BOSTON -- The pitching line -- 5 23 innings, three earned runs -- wasn't anything that would otherwise get noticed. It was an average start, no more, no less.
But for John Lackey, owner of the line in question, it represented much more. Fifty-nine games into the season, it's a fresh start, a new beginning.
Lackey 2.0, if you will.
Through his first seven starts, Lackey wasn't just bad. He was historically bad, with a 8.01 ERA and four games in which he allowed six or more runs.
The Red Sox placed him on the disabled list in mid-May, with the hope that his elbow would benefit from a cortisone shot and some rest.
Lackey's fastball was regularly 91-92 mph, a slight uptick from his outings in April and May when he often struggled to maintain 90.
"Especially early on,'' noted Terry Francona, "he got his fastball by people and got some swings and misses.''
The biggest improvement Sunday, however, came with his secondary pitches. His cut fastball had more bite and depth and he also spotted his changeup effectively.
"I think,'' concluded Francona, "it worked out pretty well . . . He knows how to pitch. It was what we hoped for.''
Not dominant, certainly, and the command -- two walks, three hit batsmen -- was off. But it was a marked improvement over some of his earlier starts when Lackey turned ballparks into shooting galleries.
"I thought he looked great,'' enthused catcher Jarrod Saltalamacchia. "I think he had better velocity on his fastball. The ball was coming out better. For the most part, his cutter was back to where I remember it being.''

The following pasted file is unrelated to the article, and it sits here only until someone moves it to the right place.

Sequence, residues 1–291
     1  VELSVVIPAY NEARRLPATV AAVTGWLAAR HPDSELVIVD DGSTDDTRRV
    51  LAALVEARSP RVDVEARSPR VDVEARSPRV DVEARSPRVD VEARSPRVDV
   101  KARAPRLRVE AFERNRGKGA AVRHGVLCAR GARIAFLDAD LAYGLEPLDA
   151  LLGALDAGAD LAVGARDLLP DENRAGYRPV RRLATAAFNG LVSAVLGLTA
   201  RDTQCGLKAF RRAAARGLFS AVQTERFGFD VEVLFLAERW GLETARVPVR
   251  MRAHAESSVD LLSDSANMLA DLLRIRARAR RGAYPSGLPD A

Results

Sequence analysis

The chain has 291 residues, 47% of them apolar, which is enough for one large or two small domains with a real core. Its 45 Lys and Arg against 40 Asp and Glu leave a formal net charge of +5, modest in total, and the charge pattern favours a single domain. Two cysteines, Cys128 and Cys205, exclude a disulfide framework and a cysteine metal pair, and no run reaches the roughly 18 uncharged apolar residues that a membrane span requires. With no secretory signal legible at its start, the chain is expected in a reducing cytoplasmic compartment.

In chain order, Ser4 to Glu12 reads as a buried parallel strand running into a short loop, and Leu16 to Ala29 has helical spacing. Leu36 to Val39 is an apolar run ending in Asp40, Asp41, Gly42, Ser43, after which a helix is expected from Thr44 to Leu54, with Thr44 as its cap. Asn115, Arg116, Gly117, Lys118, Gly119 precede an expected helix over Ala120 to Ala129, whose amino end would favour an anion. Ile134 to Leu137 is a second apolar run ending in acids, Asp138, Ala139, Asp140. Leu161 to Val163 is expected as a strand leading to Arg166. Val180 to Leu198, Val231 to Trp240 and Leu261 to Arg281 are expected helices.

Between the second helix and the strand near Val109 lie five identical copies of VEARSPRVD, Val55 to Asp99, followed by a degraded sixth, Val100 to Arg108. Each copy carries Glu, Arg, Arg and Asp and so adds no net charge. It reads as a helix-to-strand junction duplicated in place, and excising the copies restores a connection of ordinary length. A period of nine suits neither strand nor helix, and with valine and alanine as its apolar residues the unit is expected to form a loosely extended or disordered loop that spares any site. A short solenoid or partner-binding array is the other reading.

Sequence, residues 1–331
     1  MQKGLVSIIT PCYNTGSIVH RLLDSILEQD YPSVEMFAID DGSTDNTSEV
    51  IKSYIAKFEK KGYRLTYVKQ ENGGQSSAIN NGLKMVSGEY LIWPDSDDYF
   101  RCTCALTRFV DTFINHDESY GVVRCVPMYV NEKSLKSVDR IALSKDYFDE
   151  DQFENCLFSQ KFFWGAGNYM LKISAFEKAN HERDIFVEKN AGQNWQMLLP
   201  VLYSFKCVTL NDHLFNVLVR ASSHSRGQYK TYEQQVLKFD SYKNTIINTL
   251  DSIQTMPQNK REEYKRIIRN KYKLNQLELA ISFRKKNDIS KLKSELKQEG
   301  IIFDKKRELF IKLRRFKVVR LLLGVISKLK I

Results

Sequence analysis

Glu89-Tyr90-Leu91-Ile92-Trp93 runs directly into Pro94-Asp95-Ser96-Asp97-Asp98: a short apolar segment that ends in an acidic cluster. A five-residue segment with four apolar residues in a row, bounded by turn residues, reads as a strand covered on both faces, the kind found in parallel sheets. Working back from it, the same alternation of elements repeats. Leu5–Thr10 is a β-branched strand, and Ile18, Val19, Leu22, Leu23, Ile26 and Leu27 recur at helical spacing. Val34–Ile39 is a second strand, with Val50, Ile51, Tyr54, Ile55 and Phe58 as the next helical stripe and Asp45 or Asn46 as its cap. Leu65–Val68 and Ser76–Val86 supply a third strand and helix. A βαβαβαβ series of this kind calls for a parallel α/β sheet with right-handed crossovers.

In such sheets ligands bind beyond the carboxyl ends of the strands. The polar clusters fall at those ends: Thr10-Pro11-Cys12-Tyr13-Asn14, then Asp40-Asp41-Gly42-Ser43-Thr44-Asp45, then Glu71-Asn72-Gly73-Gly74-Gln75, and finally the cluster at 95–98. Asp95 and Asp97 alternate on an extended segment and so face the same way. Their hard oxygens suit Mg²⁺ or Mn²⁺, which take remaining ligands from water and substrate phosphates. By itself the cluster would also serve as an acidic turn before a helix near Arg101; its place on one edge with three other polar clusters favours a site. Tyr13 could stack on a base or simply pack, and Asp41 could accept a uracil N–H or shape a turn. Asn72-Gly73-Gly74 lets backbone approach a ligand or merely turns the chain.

Lackey's last start before his trip to the DL, of course, looked to many to be a man in distress, complaining that "everything in my life sucks right now,'' a clear reference to some off-field issues and the health of a family member.
In that last game, Lackey was a bundle of emotions, gesturing in displeasure when plays weren't made behind him. Sunday, he seemed to be in better control of his emotions, even if his actual control was spotty.
"The elbow definitely felt better than it had been,'' said Lackey. "Physically, I'm going to feel something. It just is what it is in there. But I felt like I was ready to go, ready to compete.''
He also made a subtle reference to being naturally distracted to his personal issues.
"I've just got get back to performing the way I can perform,'' he said. "I can't let outside stuff affect me. I just have to handle my business.''
While Lackey was away, the Red Sox pulled themselves out of their early spinout, reaching .500 and then climbing over it. The lineup ignited. Tim Wakefield and Alfredo Aceves generally filled in admirably. The panic atmosphere disappeared.
With three-and-a-half years remaining on his five-year deal, the Sox weren't about to cast Lackey aside. They could just hope that the downtime helped his elbow, and maybe, cleared his head some.
Off one outing, it seemed to have worked.
Jon Lester, Josh Beckett and Clay Buchholz constitute the rotation's Big Three. Salary aside, Lackey doesn't have to be a front-of-the-rotation ace. But he needs to give his team a chance to win, which he did Sunday.
"A good place to start, I guess,'' shrugged Lackey after it was over.
Or, more accurately, a good place to start again.